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Grip strength is important for daily activities -- from basic tasks to high-level sports performance. Athletes depend on a strong grip for optimal performance, and grip weakness puts other muscles at risk for injury. For example, grip weakness in tennis players causes forearm and elbow muscles to work harder, increasing the risk of injury. Grip strength is determined by an isometric muscle contraction using a specialized device.
Grip strength is tested using a dynamometer -- a calibrated device with a handle that measures the amount of force applied to it. The handle of the dynamometer does not move -- the device measures an isometric contraction as you grip against the resistance of the stationary handle. Grip strength is determined by the position of a needle inside a hydraulic gauge. Digital dynamometers automatically display results on a screen during the testing process.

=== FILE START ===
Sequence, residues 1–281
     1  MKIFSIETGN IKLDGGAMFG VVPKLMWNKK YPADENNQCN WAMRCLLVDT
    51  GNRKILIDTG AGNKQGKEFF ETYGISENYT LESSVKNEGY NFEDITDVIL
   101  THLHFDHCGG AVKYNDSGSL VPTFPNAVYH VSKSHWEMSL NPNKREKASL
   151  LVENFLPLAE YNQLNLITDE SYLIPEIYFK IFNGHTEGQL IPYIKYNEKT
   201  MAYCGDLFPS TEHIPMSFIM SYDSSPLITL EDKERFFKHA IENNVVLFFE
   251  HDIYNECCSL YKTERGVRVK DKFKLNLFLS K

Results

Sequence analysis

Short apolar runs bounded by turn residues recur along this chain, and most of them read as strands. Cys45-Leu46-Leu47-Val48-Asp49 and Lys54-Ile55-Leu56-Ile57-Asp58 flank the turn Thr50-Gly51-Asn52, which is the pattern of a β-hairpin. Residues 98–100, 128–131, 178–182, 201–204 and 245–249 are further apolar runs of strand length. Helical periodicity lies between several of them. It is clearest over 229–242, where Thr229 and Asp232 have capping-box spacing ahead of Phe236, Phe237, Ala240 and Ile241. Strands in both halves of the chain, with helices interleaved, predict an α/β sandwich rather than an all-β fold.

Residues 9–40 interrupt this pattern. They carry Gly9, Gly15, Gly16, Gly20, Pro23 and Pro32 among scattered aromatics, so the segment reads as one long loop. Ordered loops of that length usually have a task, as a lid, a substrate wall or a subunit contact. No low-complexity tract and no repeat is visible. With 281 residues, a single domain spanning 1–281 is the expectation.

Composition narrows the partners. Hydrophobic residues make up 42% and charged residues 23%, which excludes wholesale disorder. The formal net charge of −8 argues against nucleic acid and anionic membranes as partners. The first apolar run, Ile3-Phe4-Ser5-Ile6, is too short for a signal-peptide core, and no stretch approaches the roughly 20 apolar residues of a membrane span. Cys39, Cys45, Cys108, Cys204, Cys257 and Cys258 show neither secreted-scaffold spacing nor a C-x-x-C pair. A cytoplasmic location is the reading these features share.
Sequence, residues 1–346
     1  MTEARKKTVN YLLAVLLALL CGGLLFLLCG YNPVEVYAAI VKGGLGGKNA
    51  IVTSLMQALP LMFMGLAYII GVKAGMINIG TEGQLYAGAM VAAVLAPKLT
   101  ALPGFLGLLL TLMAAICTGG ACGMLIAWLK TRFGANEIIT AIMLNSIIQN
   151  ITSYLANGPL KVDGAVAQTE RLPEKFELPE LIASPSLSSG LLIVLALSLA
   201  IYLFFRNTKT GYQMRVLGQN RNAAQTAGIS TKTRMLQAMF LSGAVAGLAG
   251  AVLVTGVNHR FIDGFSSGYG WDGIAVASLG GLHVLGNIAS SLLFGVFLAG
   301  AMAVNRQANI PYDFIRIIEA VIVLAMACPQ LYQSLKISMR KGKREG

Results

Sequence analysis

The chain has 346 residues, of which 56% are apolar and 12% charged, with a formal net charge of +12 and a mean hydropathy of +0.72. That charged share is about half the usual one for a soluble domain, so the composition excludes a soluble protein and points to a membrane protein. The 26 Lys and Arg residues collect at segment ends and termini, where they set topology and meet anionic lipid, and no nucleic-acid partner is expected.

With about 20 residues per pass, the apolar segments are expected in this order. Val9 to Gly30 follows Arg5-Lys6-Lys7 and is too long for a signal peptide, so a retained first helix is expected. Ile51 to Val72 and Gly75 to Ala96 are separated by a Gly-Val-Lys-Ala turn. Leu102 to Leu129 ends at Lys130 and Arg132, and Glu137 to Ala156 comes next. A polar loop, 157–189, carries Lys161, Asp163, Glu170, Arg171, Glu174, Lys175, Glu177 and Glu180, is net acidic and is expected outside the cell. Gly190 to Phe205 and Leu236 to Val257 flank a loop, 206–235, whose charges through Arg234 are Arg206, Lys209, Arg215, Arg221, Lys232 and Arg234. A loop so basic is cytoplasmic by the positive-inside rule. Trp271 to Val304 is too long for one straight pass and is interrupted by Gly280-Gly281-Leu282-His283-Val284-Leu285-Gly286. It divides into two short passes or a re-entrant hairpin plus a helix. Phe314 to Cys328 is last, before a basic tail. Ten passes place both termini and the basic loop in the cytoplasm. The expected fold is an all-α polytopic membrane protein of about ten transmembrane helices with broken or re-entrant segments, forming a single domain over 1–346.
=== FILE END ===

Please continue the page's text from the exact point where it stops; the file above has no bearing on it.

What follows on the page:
Proper positioning is important to ensure valid test results. Grip testing is performed in a standing position, shoulders relaxed and elbow bent to 90 degrees. Hold the dynamometer vertically with the gauge or screen facing away from you. Keep your arm in this position when you squeeze the handle to eliminate assistance of other muscles.
Grip strength is commonly tested using the average of three separate trials. Standard protocol requires a second person to administer the test and read the results. Stand up in the proper test position, grip the dynamometer and squeeze as hard as you can for two to three seconds. Record the result and reset the needle or digital screen. Repeat two more times. Add the three numbers together and divide by three to calculate the average. Switch hands and repeat the test on the opposite side. Grip strength normative data for males and females in various age ranges have been published. These data can be used as a guideline; however, grip strength requirements vary based on your activities.
Several factors can affect grip strength test results. Perform grip testing before exercise -- muscle fatigue will lower your results. Research has shown that grip strength varies at different times of the day. Keep subsequent testing times consistent to measure true progress. Test both sides to obtain the best results -- grip strength is typically higher on your dominant side.